The color in maple syrup results from a browning reaction that occurs during the latter stages of evaporation. Sap that is boiled longer makes a darker colored syrup. Therefore, anything that slows the evaporation process, such as uneven or weak fire, an inefficient evaporator, or too much sap in the evaporator, will cause dark syrup. Because color develops during the latter stages of boiling sap, it is particularly important to reduce processing time as the sap approaches syrup. Microorganisms in sap can also cause darkening. Sap flowing into the sap house can be treated with UV light to kill the microorganisms. Sap should be processed as soon as possible after collection to reduce the potential for microorganisms and thus reduce the quality of syrup produced.

Syrup may also darken during storage. To prevent darkening, hot syrup that has just been put into containers should be allowed to cool before the containers are packed close together. Gas exchange during storage can also cause syrup to darken.

During the maple production season, the trees themselves undergo metabolic and chemical changes as they go from winter dormancy to springtime activity. These changes cause differences in maple syrup flavor as the season progresses.  As a general rule the syrup produced early in the season will be light amber and progressively get darker.  However, sometimes even the earliest runs will produce medium or dark amber syrup.

 

What process causes sap to become syrup?

During evaporation, sap is concentrated to the desired sugar content and the distinctive maple color and flavor also develop. Chemical changes that occur during heating cause the color and flavor to develop.

Boiling time and microorganisms in the sap cause syrup to darken. Reducing boiling time and killing microorganisms through UV treatment can help to produce lighter colored syrup.

The development of flavors is not well understood, but it is thought that amino acids in the sap play an important role.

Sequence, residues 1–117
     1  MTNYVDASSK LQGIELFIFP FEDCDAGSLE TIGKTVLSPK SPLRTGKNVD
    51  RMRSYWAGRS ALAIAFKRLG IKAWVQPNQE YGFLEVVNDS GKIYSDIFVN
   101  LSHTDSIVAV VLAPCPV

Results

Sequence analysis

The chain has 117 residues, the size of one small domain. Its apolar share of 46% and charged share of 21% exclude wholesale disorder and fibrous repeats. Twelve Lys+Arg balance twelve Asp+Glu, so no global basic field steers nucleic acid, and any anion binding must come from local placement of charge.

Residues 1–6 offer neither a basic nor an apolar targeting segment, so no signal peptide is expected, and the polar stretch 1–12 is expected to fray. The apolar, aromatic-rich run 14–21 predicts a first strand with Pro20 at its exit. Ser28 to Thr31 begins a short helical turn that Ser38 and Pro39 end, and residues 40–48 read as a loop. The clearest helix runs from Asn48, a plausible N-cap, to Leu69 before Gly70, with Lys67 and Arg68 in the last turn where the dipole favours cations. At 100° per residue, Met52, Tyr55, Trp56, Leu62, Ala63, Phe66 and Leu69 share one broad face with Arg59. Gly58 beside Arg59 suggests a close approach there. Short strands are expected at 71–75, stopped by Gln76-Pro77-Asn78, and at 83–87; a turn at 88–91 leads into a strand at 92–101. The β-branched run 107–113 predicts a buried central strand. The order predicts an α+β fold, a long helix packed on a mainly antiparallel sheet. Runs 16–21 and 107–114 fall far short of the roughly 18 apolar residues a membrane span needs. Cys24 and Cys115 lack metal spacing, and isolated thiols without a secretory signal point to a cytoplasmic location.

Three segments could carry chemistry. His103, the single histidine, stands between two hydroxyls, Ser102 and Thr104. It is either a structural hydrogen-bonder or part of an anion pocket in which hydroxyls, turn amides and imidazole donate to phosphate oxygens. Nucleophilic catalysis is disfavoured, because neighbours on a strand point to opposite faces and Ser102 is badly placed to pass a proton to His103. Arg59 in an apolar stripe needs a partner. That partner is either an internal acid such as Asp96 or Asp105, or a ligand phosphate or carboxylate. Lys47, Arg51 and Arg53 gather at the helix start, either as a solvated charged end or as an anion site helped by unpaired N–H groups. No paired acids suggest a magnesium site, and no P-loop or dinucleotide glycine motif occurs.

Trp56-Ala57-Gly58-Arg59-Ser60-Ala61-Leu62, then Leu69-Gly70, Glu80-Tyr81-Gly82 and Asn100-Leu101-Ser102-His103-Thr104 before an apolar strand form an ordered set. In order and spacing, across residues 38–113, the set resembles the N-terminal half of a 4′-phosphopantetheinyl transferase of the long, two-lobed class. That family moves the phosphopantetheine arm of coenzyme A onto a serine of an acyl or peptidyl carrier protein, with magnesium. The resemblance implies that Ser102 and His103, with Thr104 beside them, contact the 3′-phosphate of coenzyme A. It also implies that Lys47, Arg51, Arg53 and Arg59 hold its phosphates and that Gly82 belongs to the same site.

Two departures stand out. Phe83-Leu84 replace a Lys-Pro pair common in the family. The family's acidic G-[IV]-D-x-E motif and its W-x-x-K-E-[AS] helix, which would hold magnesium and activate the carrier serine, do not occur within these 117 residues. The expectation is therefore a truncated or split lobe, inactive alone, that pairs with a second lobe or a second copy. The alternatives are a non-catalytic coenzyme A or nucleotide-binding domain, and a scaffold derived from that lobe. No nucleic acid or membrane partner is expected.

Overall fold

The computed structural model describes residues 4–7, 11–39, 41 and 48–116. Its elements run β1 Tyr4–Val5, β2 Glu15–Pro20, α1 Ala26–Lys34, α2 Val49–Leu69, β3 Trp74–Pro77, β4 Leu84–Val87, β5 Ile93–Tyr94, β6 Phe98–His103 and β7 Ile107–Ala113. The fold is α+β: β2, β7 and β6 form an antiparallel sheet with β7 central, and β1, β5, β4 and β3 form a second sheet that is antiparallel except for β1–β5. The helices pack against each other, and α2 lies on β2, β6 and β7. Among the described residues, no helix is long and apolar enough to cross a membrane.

The higher the sugar concentration of the sap, the less water that needs to be removed to make syrup. Each time you double the sap sugar concentration, you cut in half the amount of water that needs to be removed and the boiling time. For example, sap with 4% sugar requires half the boiling time of sap with 2% sugar to produce syrup.



Products

What is the difference in syrup grades?

Maple syrup must meet exacting standards for purity. High quality pure maple syrup can be made only by the evaporation of pure maple sap, and by weight may contain no less than 66 percent sugar (Brix). In Vermont and New Hampshire the minimum sugar content is 66.9%. Maple syrup is classified according to its color, which is a rough guide to flavor intensity. The darker the syrup, the stronger the flavors. 

  • New York Grade A Light Amber or Vermont Fancy — the lightest of the three classifications has a mild, delicate flavor
  • Medium Amber — a bit darker with a fuller flavor
  • Dark Amber — the darkest of the three grades has a stronger maple, caramel, and other flavors
  • Grade B — has the strongest flavors

 

Does syrup quality vary from one region or state to another?  

Syrup flavor is affected by soil type, tree genetics, weather conditions during the maple season, time during the season when the sap is collected, and processing technique. Producers in every region consistently are able to produce good tasting, high quality products, but no region is always better than another. Pure maple is a natural product with considerable variation in flavors. Like wines, this variation should be sampled and enjoyed.

 

What is the shelf life for maple products?                         

The shelf-life for maple syrup in a properly filled and sealed container is over one year. The shelf-life for maple syrup after initial opening is about six months in the refrigerator. The shelf-life for un-coated maple candy is about two weeks on the shelf or in the refrigerator, and for coated maple candy about six months at room temperature. (Coated maple candy should not be kept in the refrigerator.) The shelf-life for maple cream is about two months in the refrigerator, but it can be stored frozen for a long period of time.

 

Fun Facts

  • Maple syrup can be substituted for all or part of the sugar required in a recipe? If using syrup reduce the amount of liquid by 3 tablespoons for each cup of syrup used.
  • There is no permanent damage done to trees that are tapped.
  • Only about 10% of a trees sap is gathered each year.